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© 2019, The Author(s). Objectives: We compared pregnancy identification methods and outcome capture across 31 Health Demographic Surveillance System (HDSS) sites in 14 countries in sub-Saharan Africa and Asia. Methods: From 2009 to 2014, details on the sites and surveillance systems including frequency of update rounds, characteristics of enumerators and interviewers, acceptable respondents were collected and compared across sites. Results: The 31 HDSS had a combined population of over 2,905,602 with 165,820 births for the period. Stillbirth rate ranged from 1.9 to 42.6 deaths per 1000 total births and the neonatal mortality rate from 2.6 to 41.6 per 1000 live births. Three quarters (75.3%) of recorded neonatal deaths occurred in the first week of life. The proportion of infant deaths that occurred in the neonatal period ranged from 8 to 83%, with a median of 53%. Sites that registered pregnancies upon locating a live baby in the routine household surveillance round had lower recorded mortality rates. Conclusions: Increased attention and standardization of pregnancy surveillance and the time of birth will improve data collection and provide platforms for evaluations and availability of data for decision-making with implications for national planning.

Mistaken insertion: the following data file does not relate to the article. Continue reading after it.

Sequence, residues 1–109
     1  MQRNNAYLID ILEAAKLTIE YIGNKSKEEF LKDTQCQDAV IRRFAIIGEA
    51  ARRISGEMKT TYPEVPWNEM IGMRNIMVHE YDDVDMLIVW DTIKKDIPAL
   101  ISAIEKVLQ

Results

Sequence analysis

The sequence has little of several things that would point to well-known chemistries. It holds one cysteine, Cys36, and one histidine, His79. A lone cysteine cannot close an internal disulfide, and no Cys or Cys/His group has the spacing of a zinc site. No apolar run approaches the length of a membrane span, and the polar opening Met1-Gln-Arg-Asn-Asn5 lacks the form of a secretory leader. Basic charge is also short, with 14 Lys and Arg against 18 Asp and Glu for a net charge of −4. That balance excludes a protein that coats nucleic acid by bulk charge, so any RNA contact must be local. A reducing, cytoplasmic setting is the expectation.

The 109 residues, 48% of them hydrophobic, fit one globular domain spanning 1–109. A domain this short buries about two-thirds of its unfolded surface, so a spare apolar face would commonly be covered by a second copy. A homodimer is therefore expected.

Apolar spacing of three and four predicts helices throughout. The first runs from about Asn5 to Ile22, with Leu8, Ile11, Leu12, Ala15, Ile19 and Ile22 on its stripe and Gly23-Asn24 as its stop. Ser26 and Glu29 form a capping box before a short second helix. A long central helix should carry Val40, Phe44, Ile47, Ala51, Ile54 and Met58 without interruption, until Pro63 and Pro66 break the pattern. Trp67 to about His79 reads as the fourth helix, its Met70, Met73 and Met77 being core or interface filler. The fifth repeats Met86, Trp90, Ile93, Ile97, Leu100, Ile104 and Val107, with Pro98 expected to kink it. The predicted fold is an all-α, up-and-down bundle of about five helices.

Original publication

DOI

10.1007/s00038-019-01241-0

Type

Journal

International Journal of Public Health

Publication Date

01/01/2019